The world is looking for peace and they’re looking in all the wrong places. Everybody on social media, even professing Christians, are looking for the next funny thing to bring them peace, the next purchase, the next direction from the government, the next uplifting news story, etc.

But the truth is that only God’s word will bring us peace and hope. The reason we can’t seem to get peace is because we habitually ignore God’s law. We keep ignoring God’s word, keep pushing it off, keep saying we don’t have time to study. Then we wonder why we stumble.

Our faith must be in the hope of God, which is communicated through the word of God—his law, ordinances, statutes, precepts, etc. When we begin to meditate on these, when we get them in our heart, peace will come. This is what Isaiah tells us.

You will keep in perfect peace

those whose minds are steadfast,

because they trust in you.

Trust in the Lord forever,

for the Lord, the Lord himself, is the Rock eternal. (Isaiah 26:3-4 NASB)

When we keep our minds steadfast on those things that are pure and lovely and holy, then we will be transformed by the renewing of our mind. We will be transformed into a people who mean something by their faith. Who trust in the absolute hope.

The reason we can’t seem to get peace is because we habitually ignore God’s law. #biblestudy Click To Tweet

Our Rock & Our Safety

God himself is our Rock, our absolute and unchangeable truth. In the New Testament, Peter reaffirms this when he wrote, “For in Scripture is says: See, I lay a stone in Zion, a chosen and precious cornerstone, and the one who trusts in him will never be put to shame. Now to you who believe, this stone is precious.” 1 Peter 2:6-7 NASB

Jesus is the Word of God. He is the Logos. He is the law and everything all rolled into one. What a beautiful truth. This precious stone. This Pearl of great price. Jesus’s words and truth are for us. When we believe that, we obey. Our faith will mean something.

Peter continued, contrasting those who don’t believe with those who do. Those who disbelieve reject the stone, Jesus. The Rock then becomes a stumbling block and a rock of offense to them. This is what happened to the rich young ruler. He stumbled because of his unbelief.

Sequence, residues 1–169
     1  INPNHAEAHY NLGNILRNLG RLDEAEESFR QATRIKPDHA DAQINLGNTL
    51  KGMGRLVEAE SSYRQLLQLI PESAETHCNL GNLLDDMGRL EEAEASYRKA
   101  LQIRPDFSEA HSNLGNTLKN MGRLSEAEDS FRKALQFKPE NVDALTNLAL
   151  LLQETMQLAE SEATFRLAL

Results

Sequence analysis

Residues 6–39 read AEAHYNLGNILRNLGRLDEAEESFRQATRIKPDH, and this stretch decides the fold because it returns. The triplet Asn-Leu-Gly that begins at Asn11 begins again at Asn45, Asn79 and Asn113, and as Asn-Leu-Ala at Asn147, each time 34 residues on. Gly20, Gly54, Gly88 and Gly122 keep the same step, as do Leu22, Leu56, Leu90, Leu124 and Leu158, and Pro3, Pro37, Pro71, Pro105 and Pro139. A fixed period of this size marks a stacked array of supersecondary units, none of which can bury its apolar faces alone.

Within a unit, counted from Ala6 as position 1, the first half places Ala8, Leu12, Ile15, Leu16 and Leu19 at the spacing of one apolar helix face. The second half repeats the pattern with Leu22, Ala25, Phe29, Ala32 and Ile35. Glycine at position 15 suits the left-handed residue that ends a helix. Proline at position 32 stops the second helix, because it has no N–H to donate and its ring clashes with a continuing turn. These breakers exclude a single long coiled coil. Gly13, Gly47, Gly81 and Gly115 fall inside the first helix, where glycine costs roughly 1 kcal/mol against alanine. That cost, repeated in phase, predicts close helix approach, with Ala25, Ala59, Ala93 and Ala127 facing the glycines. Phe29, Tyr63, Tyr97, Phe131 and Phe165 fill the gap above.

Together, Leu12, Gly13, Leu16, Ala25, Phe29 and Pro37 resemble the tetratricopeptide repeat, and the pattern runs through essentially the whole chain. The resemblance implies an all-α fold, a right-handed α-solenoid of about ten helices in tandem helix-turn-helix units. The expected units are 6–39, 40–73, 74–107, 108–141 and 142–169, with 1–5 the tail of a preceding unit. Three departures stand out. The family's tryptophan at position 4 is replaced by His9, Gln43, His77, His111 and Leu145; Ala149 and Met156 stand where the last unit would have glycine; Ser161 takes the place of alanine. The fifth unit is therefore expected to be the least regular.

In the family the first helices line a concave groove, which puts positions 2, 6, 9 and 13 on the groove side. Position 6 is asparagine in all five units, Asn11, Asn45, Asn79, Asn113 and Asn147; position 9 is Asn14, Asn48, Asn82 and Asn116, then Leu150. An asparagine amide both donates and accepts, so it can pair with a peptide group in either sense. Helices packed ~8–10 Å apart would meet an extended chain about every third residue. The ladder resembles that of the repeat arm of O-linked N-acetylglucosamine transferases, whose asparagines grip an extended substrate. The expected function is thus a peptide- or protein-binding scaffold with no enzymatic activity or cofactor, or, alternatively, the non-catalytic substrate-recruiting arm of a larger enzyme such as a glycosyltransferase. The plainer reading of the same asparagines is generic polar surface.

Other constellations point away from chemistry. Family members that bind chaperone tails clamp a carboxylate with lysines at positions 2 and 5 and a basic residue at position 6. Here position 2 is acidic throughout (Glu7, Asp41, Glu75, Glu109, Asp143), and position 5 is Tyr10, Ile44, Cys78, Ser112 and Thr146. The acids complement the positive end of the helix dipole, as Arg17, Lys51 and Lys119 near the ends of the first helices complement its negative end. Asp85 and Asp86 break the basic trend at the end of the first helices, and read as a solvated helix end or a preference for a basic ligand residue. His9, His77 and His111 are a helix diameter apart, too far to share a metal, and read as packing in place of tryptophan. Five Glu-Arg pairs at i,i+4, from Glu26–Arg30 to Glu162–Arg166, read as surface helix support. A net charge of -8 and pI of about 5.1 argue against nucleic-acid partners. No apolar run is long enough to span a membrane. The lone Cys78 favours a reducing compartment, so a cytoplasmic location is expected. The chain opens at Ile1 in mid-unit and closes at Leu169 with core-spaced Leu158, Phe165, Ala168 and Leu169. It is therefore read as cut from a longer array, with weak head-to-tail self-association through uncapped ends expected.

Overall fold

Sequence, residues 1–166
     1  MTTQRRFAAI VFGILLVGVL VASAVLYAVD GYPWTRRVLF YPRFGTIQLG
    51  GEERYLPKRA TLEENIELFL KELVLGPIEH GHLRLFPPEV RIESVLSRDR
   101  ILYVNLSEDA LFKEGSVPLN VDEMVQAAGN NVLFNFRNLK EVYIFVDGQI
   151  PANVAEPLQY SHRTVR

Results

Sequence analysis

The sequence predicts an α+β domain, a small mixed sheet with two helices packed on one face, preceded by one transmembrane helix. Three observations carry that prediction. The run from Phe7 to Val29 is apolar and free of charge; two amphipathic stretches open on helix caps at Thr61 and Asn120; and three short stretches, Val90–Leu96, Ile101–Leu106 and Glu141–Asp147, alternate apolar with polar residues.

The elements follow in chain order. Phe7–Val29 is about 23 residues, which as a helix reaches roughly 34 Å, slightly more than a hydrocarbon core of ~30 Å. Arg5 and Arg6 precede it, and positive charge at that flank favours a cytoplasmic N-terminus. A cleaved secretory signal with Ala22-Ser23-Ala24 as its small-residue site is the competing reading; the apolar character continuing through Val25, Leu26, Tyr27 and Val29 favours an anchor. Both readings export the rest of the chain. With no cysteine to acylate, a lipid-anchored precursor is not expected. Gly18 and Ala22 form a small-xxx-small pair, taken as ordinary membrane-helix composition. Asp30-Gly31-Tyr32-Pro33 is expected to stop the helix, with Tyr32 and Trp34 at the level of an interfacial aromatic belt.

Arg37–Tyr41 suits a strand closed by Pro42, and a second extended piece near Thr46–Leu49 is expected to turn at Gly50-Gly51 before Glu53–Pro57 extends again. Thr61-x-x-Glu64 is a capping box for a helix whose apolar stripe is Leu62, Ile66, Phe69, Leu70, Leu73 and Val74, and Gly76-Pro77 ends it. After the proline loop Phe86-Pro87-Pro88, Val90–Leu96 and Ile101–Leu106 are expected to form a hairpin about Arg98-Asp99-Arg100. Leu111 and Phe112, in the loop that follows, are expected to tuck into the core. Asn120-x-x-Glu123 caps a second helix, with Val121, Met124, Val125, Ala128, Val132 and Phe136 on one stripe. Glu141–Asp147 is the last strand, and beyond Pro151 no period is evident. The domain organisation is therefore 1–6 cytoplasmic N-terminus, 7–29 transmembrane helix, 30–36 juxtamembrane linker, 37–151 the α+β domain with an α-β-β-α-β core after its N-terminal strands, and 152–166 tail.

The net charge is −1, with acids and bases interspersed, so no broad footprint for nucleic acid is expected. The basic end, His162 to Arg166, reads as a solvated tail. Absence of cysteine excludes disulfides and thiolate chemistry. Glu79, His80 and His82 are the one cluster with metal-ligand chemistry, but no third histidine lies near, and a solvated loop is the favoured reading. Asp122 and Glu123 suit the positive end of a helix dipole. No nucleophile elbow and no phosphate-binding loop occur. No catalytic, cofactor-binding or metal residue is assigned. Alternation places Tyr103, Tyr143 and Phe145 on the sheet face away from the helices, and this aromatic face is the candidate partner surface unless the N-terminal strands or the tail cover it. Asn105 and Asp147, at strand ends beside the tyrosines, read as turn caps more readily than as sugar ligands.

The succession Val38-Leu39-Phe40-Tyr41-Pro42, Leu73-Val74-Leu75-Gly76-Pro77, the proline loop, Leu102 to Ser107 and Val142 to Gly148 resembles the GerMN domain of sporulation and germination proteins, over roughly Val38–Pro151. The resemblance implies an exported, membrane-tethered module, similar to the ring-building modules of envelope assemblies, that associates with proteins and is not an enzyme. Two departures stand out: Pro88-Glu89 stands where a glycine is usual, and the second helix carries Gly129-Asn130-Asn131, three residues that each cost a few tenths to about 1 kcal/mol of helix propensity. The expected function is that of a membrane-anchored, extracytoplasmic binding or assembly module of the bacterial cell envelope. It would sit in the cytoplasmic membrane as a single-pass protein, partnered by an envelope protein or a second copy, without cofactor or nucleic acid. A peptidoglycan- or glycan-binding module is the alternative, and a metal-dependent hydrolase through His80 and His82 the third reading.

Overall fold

Peter finished with, “But you are a chosen people, a royal priesthood, a holy nation, God’s special possession, that you may declare the praises of him who called you out of darkness into his wonderful light.” 1 Peter 2:9 NASB

We are chosen because we have believed. But now that we have believed, we must do something with it. We are to proclaim the praises of Him who has called us out of darkness. This is the same idea that we see in the Shema (Deuteronomy 6:4-9 NASB)

Hear, O Israel: The Lord our God, the Lord is one. Love the Lord your God with all your heart and with all your soul and with all your strength. These commandments that I give you today are to be on your hearts. Impress them on your children. Talk about them when you sit at home and when you walk along the road, when you lie down and when you get up. Tie them as symbols on your hands and bind them on your foreheads. Write them on the doorframes of your houses and on your gates.

The Old and New Testament writers combine, all singing the same song. When we mean something by our faith, we trust. When we trust, we meditate on and obey the words of God. Through obedience and with peace, we proclaim our hope to the world.

Those who love Your law have great peace,

And nothing causes them to stumble.

I hope for Your salvation, O Lord,

And do Your commandments.

My soul keeps Your testimonies,

And I love them exceedingly.

I keep Your precepts and Your testimonies,

For all my ways are before You. (Psalm 119:165-168)

Do you know what happens when we see the peace and hope of the Kingdom of God, when we realize that we can spend every day in the presence of our King? We abandon everything and run into what Jesus is doing. Do we want perfect peace in the midst of chaos? Then run to the Word, trust him, obey him, proclaim him. This is what hope is all about.

Do we want perfect peace in the midst of chaos? Then run to the Word, trust him, obey him, proclaim him. This is what hope is all about. Click To Tweet

Let’s Talk

How are you resting in the absolute hope of God. I’d love to hear your thoughts. Comment below or email me at nathan@nathanfranckhauser.com.